On the other hand, Epoxies and polyurethanes will require optimised surface preparation. So to begin with, it is a lot more simple to apply.

Surface activator being applied

You are probably thinking, surely that’s not all? You would be correct.

MMAs offer exceptional durability and performance and can be widely used on various surfaces. Plastics, metals and weld replacements are some examples of where MMAs can be used.

Whilst epoxies are known to be very strong, they are also extremely brittle. 

The opposite is true of polyurethanes. They are very flexible but not especially strong.

MMA is the best of both worlds. Granted it doesn’t excel at either, but MMA’s offer good flexibility (not quite as flexible as polyurethanes) while remaining nearly as strong as epoxy adhesives.

It is perhaps worth mentioning that the cure times of epoxies are very sensitive to changes in ambient temperature. As our other article explains in more detail, ambient temperature is the biggest factor in affecting the cure time of adhesives.

MMAs are much less sensitive to changes in ambient temperature. This means the cure speed is a lot more consistent and reliable, regardless of ambient temperature.

Why Methyl Methacrylate Adhesives may not be a good fit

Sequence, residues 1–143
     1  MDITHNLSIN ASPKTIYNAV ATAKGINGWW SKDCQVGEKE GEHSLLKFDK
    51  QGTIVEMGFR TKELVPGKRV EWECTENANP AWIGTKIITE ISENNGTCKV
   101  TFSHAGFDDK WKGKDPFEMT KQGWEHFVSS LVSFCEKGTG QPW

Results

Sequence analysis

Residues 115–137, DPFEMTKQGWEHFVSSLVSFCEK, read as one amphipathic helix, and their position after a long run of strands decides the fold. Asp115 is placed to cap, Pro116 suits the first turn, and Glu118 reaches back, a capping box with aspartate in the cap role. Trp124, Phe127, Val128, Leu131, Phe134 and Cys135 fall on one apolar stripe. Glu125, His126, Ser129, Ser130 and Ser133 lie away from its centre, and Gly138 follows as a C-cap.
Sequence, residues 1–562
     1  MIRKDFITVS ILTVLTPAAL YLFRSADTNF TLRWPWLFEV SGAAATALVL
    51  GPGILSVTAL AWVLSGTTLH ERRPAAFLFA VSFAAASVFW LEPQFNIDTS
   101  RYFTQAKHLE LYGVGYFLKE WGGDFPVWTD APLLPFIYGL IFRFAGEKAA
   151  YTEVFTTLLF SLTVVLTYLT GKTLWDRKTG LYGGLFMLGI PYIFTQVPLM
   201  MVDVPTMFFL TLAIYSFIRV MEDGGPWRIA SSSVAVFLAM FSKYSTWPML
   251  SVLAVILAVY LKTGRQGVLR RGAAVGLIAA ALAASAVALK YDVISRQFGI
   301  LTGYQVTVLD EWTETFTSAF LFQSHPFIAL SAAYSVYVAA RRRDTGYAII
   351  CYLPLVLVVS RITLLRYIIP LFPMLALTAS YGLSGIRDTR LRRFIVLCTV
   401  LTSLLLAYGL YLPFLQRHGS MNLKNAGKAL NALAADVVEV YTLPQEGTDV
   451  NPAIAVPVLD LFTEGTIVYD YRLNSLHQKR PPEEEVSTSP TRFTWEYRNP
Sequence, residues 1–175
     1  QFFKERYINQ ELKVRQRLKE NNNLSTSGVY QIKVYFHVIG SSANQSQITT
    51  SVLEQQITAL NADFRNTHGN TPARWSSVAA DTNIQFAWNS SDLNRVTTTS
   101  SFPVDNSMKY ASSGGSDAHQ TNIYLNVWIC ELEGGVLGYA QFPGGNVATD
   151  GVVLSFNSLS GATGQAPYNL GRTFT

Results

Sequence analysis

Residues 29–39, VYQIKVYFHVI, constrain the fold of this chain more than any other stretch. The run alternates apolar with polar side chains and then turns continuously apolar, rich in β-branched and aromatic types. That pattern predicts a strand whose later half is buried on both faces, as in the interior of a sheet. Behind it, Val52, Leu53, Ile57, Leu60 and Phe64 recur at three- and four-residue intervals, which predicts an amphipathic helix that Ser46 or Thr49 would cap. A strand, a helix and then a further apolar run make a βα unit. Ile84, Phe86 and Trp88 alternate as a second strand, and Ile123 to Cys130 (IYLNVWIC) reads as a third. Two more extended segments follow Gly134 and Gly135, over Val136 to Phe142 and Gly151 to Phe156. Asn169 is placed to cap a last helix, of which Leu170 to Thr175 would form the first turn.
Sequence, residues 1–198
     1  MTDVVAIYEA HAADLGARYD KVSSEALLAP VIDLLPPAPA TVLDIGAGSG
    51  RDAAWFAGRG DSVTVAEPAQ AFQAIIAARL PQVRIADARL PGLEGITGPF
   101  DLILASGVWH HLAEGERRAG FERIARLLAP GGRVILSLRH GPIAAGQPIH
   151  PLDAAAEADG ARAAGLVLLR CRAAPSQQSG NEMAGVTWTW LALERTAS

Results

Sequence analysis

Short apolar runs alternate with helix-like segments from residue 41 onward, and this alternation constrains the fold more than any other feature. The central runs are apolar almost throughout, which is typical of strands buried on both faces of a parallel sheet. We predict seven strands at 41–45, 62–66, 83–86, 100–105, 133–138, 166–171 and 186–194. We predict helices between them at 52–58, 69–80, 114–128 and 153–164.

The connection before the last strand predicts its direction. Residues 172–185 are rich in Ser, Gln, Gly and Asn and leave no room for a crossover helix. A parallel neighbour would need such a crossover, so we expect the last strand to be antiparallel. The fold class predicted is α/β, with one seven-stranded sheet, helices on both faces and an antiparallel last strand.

If you haven’t used a Methyl Methacrylate adhesive before, beware. It stinks! This is technically known as ‘having a very distinct odour, making it difficult to work with’. But, cutting straight to the chase, it doesn’t smell pleasant. The smell can lead to confusion. Some consider the smell to be toxic and dangerous but it isn’t.

This may not be an issue for you. Some people make out the smell is worse than it actually is. There are even occasions where it is barely even noticeable. We would say that the smell only becomes an issue if you are working in confined spaces or a room with limited airflow. 

It is something to be wary of though.

The other significant point to remember about MMA’s is the fact they exotherm as they cure. 

Exothermic curing can lead to witnessing or read-through on the substrate. Because it gets so hot during the curing process, it leaves a mark on the substrate.

burn mark on a plastic from exothermic reaction
The left shows a burn mark on a plastic with a low melting point. The right shows a plastic that doesn’t have a low melting point.

In extreme cases, it can even melt the substrate although this is usually only on plastics or materials with a low melting point.

It’s hardly an issue, it’s more something to be aware of. Some manufacturers have even developed MMA products that overcome this issue. Some examples are the Plexus® MA8 120 and our very own Forgeway VX61. Both of these products will not have such a high exothermic reaction during the curing process.